Study shows theater workers have high rates of concussions

Many theater-related head injuries go unreported, undiagnosed, untreated

Posted April 6, 2018

A new survey study in the March Journal of Occupational and Environmental Medicine shows that athletes aren’t the only professionals at risk of work-related concussions. The study found two-thirds of theater technicians and actors have experienced concussions while on the job in theater environments.

While researchers found theater professionals have high rates of head impacts and concussion symptoms, these injuries often go unreported, undiagnosed, and untreated. According to the study, nearly all the research on work-related concussions has focused on athletes. However, the theater environment also contains many risks for head injuries, including low lighting levels, backstage equipment, and stage combat.

The study focused on the online survey responses of 209 theater workers. Most respondents were employed in production or technical roles, such as lighting technicians or stage managers. The majority said they had worked in the industry for at least ten years.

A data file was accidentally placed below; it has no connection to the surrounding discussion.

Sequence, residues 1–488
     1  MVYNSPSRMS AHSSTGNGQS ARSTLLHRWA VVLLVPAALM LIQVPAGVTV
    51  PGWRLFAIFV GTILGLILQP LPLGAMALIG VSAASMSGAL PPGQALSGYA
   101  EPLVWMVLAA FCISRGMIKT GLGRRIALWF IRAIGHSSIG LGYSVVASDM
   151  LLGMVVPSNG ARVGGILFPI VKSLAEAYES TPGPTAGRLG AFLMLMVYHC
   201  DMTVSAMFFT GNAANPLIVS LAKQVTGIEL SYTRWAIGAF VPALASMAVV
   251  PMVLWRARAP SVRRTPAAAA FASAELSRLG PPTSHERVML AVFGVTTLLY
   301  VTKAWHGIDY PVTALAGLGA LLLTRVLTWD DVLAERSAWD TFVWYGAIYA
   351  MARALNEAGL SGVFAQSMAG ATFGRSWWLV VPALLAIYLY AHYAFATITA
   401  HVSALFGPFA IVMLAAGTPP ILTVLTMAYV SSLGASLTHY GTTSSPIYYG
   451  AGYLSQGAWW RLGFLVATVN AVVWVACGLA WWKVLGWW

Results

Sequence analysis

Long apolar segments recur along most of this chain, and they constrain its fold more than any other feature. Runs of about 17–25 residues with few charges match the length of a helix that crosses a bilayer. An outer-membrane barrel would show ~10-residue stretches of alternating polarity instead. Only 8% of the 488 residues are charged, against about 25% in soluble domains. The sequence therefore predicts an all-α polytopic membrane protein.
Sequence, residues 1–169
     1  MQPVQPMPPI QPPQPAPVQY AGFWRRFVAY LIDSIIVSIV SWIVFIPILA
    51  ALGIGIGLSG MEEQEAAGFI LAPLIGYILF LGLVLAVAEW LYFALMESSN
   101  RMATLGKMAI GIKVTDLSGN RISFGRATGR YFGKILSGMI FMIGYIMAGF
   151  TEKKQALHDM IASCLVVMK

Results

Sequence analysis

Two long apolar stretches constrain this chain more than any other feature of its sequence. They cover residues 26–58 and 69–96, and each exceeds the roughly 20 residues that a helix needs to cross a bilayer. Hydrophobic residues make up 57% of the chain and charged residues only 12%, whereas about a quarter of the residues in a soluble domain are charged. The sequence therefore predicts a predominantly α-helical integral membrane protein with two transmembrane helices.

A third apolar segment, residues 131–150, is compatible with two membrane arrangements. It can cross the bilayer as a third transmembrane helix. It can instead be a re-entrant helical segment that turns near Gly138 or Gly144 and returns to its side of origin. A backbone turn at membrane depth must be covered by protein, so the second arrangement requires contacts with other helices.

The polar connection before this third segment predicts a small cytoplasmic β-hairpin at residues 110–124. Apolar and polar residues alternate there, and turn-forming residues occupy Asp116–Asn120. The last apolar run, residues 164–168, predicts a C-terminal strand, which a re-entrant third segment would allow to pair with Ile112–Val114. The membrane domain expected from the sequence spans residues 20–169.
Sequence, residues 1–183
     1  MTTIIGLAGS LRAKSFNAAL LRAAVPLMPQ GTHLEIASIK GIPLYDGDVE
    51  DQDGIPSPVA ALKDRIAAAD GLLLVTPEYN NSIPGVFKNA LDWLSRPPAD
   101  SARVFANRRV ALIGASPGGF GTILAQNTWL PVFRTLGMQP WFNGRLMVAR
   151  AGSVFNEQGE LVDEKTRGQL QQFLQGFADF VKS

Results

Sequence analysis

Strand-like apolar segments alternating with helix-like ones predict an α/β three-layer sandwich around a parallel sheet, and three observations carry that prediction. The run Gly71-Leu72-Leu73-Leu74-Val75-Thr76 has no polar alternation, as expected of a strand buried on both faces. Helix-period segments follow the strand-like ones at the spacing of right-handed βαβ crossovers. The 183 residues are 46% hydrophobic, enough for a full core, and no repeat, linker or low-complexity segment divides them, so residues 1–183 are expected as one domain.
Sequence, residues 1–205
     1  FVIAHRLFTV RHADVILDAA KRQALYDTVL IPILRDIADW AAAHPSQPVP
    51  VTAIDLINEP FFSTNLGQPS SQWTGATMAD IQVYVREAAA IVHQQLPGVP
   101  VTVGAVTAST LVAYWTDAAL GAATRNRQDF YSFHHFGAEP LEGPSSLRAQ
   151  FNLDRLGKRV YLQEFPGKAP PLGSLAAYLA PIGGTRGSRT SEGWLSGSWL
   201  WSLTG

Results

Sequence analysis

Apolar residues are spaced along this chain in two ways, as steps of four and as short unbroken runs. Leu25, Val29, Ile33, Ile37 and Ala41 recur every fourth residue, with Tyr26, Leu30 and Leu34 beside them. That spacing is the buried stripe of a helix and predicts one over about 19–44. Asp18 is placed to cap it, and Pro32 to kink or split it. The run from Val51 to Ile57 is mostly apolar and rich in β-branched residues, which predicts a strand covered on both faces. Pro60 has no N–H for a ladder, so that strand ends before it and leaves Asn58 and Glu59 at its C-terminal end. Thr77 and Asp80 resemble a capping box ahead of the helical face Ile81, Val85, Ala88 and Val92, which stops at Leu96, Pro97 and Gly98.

Sixty-seven percent of those surveyed reported one or more theater-related head impact during their careers. Roughly 40 percent experience more than five head injuries. Most respondents continued to work after their head impacts, even though almost all the injuries resulted in concussion-like symptoms. Approximately half of the workers did not report the incident.

Of those who consulted a healthcare professional, most were diagnosed with a concussion although almost a third of those workers did not receive the recommended care, such as a graded protocol for resuming work activities.

The study’s authors say there is a need for increased awareness of the frequency and seriousness of occupational injuries in theater workers. In addition, theater personnel should have better access to “definitive, evidence-based healthcare” for work-related concussions.


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